CSS voice-duration

The CSS voice-duration property is used in speech media for specifying how long it should take to render the selected element's content.

The voice-duration property can be useful for cases where you need to synchronize the speech with other media.

The time value provided to this property specifies how long the element's content should take to render. Note that this doesn't include any rests, pauses, or cues (they will be added to the duration).

Note that the voice-duration property takes precedence over the voice-rate property (unless auto is specified), and it can therefore be used to establish a speaking rate for the speech.

Also, when an element uses this property, its children cannot override its value (but only when the parent element has a non-auto value). So, even if its children explicitly set the voice-duration or voice-rate, these values are ignored (if the parent element uses a time value).


Possible Values

Resolves to a used value corresponding to the duration of the speech synthesis when using the inherited voice-rate.

This value specifies a value in absolute time units (for example, 5s, 750ms, etc). Only non-negative values are allowed.

In addition, all CSS properties also accept the following CSS-wide keyword values as the sole component of their property value:

Represents the value specified as the property's initial value.
Represents the computed value of the property on the element's parent.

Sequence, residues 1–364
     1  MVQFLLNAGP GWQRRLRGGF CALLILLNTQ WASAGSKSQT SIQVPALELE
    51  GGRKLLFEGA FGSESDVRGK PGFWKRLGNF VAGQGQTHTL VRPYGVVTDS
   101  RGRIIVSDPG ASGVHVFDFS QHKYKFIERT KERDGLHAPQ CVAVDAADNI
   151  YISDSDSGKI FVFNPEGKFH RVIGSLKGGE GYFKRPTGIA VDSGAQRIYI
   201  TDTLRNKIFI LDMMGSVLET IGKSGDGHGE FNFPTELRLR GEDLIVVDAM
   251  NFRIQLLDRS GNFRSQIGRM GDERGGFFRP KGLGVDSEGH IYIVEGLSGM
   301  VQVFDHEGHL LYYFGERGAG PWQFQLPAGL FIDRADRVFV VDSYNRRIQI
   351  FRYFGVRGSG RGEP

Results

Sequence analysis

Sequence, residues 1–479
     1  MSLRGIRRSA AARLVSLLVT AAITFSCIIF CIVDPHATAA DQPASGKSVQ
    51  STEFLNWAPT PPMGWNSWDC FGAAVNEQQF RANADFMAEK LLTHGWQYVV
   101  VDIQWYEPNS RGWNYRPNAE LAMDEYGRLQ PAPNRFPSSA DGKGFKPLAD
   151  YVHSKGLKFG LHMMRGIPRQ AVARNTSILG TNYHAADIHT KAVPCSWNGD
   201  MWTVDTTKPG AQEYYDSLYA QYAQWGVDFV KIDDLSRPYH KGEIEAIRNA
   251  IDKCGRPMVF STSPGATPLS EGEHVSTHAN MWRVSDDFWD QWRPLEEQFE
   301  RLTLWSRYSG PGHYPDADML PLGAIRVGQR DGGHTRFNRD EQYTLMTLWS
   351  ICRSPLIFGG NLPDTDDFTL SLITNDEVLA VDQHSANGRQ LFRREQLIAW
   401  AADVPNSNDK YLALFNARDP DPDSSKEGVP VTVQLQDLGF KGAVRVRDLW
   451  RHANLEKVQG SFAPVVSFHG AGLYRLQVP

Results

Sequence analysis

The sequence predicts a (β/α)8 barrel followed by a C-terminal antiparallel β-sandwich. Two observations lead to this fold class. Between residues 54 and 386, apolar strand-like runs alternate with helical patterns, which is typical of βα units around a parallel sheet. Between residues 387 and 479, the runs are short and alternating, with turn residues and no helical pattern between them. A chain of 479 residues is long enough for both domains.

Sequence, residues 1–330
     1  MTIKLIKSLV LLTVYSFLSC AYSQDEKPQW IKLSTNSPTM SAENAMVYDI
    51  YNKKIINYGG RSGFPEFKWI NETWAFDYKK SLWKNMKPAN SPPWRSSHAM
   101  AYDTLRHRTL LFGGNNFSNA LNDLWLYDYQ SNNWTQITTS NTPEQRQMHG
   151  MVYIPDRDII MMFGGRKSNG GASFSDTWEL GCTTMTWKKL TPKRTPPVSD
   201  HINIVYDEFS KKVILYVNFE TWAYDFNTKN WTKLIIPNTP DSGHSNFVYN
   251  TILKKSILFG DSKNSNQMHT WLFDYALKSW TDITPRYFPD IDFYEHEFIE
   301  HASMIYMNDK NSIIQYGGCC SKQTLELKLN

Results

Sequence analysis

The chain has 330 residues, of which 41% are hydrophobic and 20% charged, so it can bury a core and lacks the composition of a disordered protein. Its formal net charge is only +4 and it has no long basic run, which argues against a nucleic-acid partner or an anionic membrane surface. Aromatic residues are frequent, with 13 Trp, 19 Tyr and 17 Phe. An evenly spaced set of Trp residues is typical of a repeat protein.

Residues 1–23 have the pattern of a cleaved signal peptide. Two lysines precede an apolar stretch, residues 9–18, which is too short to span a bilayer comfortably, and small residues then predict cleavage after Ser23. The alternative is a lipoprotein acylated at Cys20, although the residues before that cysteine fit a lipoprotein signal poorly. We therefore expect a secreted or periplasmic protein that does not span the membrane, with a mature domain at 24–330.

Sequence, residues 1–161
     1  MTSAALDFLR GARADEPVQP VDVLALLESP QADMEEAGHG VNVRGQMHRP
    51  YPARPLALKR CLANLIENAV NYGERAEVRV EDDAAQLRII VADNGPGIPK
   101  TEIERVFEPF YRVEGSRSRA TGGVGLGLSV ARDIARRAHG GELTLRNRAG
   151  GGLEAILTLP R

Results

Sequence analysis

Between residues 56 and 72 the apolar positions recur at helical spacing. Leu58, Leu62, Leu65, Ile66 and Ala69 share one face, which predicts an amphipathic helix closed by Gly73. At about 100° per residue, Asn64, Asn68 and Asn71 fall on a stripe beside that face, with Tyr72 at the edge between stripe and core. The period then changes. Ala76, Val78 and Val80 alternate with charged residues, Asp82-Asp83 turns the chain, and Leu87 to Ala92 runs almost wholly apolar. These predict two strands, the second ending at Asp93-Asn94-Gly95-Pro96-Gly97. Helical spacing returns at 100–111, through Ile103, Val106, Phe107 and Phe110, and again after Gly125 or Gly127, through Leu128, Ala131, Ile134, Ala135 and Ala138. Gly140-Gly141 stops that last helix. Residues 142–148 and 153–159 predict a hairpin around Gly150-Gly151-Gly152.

This value acts as either inherit or initial, depending on whether the property is inherited or not. In other words, it sets all properties to their parent value if they are inheritable or to their initial value if not inheritable.

General Information

Initial Value
Applies To
All elements.

Example Code

Official Specifications

Vendor Prefixes

For maximum browser compatibility many web developers add browser-specific properties by using extensions such as -webkit- for Safari, Google Chrome, and Opera (newer versions), -ms- for Internet Explorer, -moz- for Firefox, -o- for older versions of Opera etc. As with any CSS property, if a browser doesn't support a proprietary extension, it will simply ignore it.

This practice is not recommended by the W3C, however in many cases, the only way you can test a property is to include the CSS extension that is compatible with your browser.

The major browser manufacturers generally strive to adhere to the W3C specifications, and when they support a non-prefixed property, they typically remove the prefixed version. Also, W3C advises vendors to remove their prefixes for properties that reach Candidate Recommendation status.

Many developers use Autoprefixer, which is a postprocessor for CSS. Autoprefixer automatically adds vendor prefixes to your CSS so that you don't need to. It also removes old, unnecessary prefixes from your CSS.

You can also use Autoprefixer with preprocessors such as Less and Sass.